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INTERSECTION

Transplants and Natives

Transplant from Danville, California: Lisa Bores

By Nancy Peevy

 

Lisa Bores’ engineer dad moved their family to Sao Paulo, Brazil, for a work assignment when she was 12. Having grown up in Danville, California, with friends she’d known since preschool, Lisa had no idea where Brazil was or what life there would be like. She’s grateful for the experience, though, because living there impacted the rest of her life, giving her “respect for different backgroundsand cultures,” the courage to try new experiences, and lifelong friends.

 

“One of the first things I remember seeing as we drove from the airport to our new home was the ‘favelas’ — homes constructed out of cardboard — on the side of the mountain. Just to imagine that’s how people lived was eye-opening for a 12-year-old.” Lisa realized how fortunate she was and, because of that, looks for ways to help others.

 

Lisa’s Brazilian home was an apartment in a massive complex made up of six 30-story buildings with soccer fields, basketball courts, a dance studio, two pools, green spaces and lots of security guards with guns. Quite a change from Danville. 

 

Half of the students at her English-speaking international school were expats from around the world, so everyone was in the same boat, adapting and bonding as they went through the experience together, helping each other along.

 

Lisa experienced Brazilian life, from the beautiful gowns she and her friends rented for friends’ quinceaneras — celebration of a girl’s 15th birthday — to being picked up by her friends’ family drivers.  “Like personalized Uber – without an app,” she laughs.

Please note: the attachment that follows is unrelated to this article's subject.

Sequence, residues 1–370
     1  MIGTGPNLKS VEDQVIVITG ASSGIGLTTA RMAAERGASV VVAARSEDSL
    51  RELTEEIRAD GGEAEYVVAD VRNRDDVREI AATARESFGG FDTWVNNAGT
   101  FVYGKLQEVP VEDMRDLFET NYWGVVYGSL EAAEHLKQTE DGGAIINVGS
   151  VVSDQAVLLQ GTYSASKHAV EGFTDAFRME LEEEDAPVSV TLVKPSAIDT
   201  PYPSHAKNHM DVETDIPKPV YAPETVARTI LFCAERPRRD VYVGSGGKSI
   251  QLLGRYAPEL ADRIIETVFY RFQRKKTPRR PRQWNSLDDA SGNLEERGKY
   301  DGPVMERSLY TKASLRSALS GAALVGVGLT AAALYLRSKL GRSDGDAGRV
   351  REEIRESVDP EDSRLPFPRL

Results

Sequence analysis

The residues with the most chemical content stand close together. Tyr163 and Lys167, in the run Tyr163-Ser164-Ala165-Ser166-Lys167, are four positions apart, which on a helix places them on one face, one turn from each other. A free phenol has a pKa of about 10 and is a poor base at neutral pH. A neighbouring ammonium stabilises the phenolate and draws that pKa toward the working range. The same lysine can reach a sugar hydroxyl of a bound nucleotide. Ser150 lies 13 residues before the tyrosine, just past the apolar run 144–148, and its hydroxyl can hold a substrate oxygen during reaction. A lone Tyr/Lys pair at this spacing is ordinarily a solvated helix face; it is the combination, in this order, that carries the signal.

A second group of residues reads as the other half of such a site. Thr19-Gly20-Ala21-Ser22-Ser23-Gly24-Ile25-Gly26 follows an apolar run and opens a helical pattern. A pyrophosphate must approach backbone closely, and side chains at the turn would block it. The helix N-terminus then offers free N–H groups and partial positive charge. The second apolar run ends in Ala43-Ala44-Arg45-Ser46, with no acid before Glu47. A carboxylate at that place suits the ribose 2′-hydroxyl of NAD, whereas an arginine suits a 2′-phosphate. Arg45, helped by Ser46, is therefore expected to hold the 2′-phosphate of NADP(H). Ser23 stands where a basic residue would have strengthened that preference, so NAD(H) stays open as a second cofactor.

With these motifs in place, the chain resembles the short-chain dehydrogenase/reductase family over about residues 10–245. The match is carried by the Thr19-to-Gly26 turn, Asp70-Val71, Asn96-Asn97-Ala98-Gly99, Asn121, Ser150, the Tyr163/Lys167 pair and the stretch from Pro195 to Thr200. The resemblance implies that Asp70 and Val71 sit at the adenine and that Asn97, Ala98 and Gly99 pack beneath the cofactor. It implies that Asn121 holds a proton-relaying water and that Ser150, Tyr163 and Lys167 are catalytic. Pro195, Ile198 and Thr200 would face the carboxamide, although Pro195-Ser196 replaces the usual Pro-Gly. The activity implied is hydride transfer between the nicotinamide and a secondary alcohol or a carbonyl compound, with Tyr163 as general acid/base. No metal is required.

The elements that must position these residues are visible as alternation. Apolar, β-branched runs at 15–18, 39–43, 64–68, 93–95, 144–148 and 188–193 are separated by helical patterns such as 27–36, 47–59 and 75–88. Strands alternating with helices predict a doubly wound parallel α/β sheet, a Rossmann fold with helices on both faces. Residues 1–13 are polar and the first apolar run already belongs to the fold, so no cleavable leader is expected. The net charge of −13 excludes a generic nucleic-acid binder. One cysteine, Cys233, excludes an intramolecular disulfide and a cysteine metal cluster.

On an unforgettable New Year’s Eve in Rio de Janeiro, her family watched fireworks over Copacabana and Ipanema beaches. Lisa laughs that they were surprised to walk out of their hotel to find everyone wearing traditional white from head to toe. Hurrying back, they found white clothes to put on. She remembers locals floating white flowers and candles out to sea that night as an offering to the goddess of the ocean. 

On a trip to the Amazon, the family stayed in a hotel on stilts above the Rio Negro, fishing for piranha and eating it for dinner. On a visit to a local tribe they enjoyed native dances and trying the local food.

 

Leaving her close friends in Brazil was hard when the family later moved to Atlanta. But Lisa and her friends kept in touch, talking on the phone, taking beach trips to Florida, snowboarding in Colorado, visiting in Connecticut, even attending one another’s weddings.

 

As a result of the time in Brazil, Lisa says,“I’m more open than some people who never left their hometown. I’m adaptable when it comes to meeting people. Moving around forces you into different interactions and you have to build new relationships over and over again. Now I’ve come to enjoy that.”

 

While majoring in international marketing and Spanish at the University of Georgia, Lisa studied abroad in Valencia, Spain, spending spring break in Greece, backpacking to 18 European cities in 30 days and seeing the alpine skiing event at the 2006 Winter Olympics in Turin, Italy. 

 

Most memorable was “canyoning” in Interlaken, Switzerland, where participants descend a canyon by navigating streams or waterfalls through a mix of sliding, jumping, swimming, walking, climbing and rappelling.

 

After graduation, Lisa took a job in Chicago with Colgate, not knowing anyone there, but remembering that good things come from venturing into the unknown. Six years ago, work brought her to Northwest Arkansas, where she is now director of sales, Walmart, for Nestle Coffee Partners. When she married husband Derick in 2017, they honeymooned in Bora Bora.

 

Lisa says life in Northwest Arkansas is like an expat experience in the United States, “because everybody’s here for almost the same reason. Everybody’s been in your shoes before and everybody is so welcoming. That’s part of the reason I fell in love with the area.”

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